Reduce, reuse, repair, recycle to make the Earth sustainable

We must learn to live within our planet’s capacity, writes John Cossham

I’ve been writing this column for just over two years and it is time to move on. So this is my last one. I’ve covered a multitude of subjects connected with sustainability, lower carbon choices and how to live more ethically.

Over that time, I’ve learned that the issues we face are far more serious than I thought and humanity is looking at challenges of enormous proportions. Issues include poverty, health inequalities, over consumption and waste, pollution, population, and the biggie – climate change. They are all going to make life increasingly difficult over the coming years.

However, I’m an optimist and believe that once we know the truth about something, it is possible to make changes in our lives to accommodate the new reality. I believe that social workers care deeply about other people; reading Community Care reinforces that view. As caring and informed people, it is our duty to extend that care to include the way in which we live our lives.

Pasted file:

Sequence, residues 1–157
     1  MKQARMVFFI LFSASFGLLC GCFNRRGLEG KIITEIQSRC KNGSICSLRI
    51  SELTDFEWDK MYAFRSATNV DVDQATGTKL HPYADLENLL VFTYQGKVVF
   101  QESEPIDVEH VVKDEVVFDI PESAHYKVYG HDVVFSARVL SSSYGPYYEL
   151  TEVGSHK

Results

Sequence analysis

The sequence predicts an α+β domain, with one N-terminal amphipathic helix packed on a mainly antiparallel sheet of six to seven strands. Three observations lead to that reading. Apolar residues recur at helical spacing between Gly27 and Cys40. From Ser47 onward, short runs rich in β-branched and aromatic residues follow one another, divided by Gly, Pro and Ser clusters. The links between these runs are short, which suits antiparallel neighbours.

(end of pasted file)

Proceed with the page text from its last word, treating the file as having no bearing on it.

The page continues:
A responsible pet owner keeps the cage clean and ensures a regular food supply. As custodians of the Earth, we need to keep our environment clean, reduce the amount of waste and pollution we emit, and ensure our actions don’t harm the other inhabitants of this little cage spinning through space.

The solutions are, on the face of it, simple. Use less oil and other fossil fuels, and the stuff made from them. Do things more locally to cut the transport. Eat food which hasn’t been drenched with fertiliser and pesticides, and grow some of your own. Buy Fairtrade. Reduce, reuse, repair, recycle. Be kind to each other and develop community. And have fun, make time for enjoyment!

Living within the carrying capacity of the planet can be better and healthier than what we have grown used to. I wish you all well with your journey.

This article is published in the 18 June issue of Community Care magazine under the heading It doesn’t have to end like this

Read John Cossham’s previous columns

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